Tuesday, January 8, 2013
The comet was discovered by two amateur astronomers in September.
A once-in-a-lifetime opportunity is on its way for star gazers. Local skywatchers might get to see Hunter's Comet — the newly discovered comet ISON. A NASA astronomer says ISON's fiery tail may be visible to those watching the night sky from October 2013 through January 2014. And the comet may hover into view without the help of a telescope. It all depends on whether the sun's heat vaporizes ices in the comet's body, scientists say in an article posted in the Huffington Post. Comet ISON will fly within 1.2 million miles from the sun's center on Nov. 28, 2013, astronomer Donald Yeomans, head of NASA's Near Earth Object Program at the Jet Propulsion Laboratory in Pasadena, Calif, told the San Jose Mercury News. If the comet makes it …
Tuesday, January 1, 2013
The first meteor shower of 2013 begins Tuesday.
The Quadrantid meteor shower is named for an extinct constellation, but the shooting stars that seem to sprout from it still arrive yearly, and the opening of the 2013 show will begin overnight Jan. 1, into Jan. 2. The Quadrantids is one of the lesser-known meteor showers of the year, but that doesn't mean it's anything less than spectacular. Take a look at this Quadrantids meteor shower video or these pictures of the Quadrantids. While the shower begins overnight on the first day of the new year, NASA tells us Quadrantid meteor shower peaks in the wee morning hours of Jan. 4: "[T]he Quadrantids have a maximum rate of about 100 per hour, varying between 60-200. The waxing gibbous moon will set around 3 a.m. local time, leaving about two …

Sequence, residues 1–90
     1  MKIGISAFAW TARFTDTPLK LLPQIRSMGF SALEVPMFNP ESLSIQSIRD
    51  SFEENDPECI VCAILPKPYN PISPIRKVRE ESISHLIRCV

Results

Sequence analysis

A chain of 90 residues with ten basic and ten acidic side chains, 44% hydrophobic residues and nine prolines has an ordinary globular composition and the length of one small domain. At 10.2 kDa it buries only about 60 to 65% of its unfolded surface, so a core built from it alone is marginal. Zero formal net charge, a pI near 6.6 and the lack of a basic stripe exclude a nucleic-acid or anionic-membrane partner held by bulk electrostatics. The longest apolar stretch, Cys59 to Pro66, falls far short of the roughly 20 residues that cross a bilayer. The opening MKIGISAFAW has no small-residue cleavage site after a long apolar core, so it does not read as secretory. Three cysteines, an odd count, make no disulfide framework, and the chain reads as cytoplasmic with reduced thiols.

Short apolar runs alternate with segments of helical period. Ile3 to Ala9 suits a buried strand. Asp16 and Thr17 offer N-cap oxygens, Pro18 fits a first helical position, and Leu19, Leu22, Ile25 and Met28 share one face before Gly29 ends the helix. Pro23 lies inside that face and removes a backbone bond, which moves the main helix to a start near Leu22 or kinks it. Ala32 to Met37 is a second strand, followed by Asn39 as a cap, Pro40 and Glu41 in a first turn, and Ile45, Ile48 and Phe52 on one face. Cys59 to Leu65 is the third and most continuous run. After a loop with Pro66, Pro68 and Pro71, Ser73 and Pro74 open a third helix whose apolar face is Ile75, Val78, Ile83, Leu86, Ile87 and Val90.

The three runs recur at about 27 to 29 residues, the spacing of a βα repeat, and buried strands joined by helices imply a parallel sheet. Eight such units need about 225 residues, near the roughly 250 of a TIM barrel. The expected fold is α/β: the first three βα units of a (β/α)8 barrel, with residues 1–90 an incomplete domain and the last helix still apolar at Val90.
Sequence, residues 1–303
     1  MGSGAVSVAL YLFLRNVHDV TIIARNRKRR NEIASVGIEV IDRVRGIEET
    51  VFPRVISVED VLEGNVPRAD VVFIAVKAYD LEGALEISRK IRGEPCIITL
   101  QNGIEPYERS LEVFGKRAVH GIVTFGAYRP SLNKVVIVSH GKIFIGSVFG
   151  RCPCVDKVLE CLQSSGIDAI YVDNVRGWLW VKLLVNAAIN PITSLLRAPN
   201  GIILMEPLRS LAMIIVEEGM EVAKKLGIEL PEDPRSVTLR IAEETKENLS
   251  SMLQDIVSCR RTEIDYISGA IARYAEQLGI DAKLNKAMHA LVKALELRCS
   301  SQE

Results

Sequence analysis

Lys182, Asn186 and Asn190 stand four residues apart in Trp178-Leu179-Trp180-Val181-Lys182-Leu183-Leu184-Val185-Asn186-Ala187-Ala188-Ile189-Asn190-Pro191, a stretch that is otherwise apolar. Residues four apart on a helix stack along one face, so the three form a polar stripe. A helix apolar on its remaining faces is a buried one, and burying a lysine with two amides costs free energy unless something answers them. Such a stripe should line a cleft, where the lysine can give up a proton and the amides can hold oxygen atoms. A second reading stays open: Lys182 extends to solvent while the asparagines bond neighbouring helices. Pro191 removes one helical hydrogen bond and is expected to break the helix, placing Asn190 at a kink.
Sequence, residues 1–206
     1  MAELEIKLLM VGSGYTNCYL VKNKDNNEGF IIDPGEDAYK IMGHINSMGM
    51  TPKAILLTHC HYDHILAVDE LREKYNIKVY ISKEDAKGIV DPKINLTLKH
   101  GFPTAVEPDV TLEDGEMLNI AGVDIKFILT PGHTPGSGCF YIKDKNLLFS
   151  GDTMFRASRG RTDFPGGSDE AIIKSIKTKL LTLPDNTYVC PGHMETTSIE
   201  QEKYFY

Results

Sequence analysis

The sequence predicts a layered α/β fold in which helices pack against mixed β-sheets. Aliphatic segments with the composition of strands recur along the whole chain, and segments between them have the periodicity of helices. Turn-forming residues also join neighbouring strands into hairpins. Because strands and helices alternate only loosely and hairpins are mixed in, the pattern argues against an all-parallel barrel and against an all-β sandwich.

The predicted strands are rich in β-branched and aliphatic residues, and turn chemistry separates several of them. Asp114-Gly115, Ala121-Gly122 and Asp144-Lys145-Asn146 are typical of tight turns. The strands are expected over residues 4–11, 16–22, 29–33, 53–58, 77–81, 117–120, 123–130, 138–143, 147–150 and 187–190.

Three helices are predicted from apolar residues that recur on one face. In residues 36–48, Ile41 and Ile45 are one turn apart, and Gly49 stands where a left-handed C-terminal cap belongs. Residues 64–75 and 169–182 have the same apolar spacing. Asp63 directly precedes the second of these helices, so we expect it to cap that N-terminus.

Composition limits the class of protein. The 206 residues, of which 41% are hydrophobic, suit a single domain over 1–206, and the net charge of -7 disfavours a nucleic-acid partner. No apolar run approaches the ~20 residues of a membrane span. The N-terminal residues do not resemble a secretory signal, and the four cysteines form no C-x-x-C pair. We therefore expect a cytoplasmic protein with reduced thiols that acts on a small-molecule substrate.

Friday, November 16, 2012
The Leonid meteor shower will be at its peak between Saturday and Tuesday, Nov. 20.
Friday, November 16, 2012
Keep your eyes on the sky during the pre-dawn hours between Saturday and Tuesday, Nov. 20, because that's when the famous Leonid meteor shower is expected to peak. These meteors are fast -- about 40 miles per second -- and can leave trails of smoke, according to Astronomy.com. They will appear to radiate from the constellation Leo the Lion and can vary in color. "Many Leonids are also bright. Usually, the meteors are white or bluish-white, but in recent years some observers reported yellow-pink and copper-colored ones," according to Astronomy.com. Here's one of the 10 coolest things to know about the Leonids, from Space.com: "Leonids are spawned by the comet Tempel-Tuttle. Every 33 years, it rounds the Sun and then goes back to the …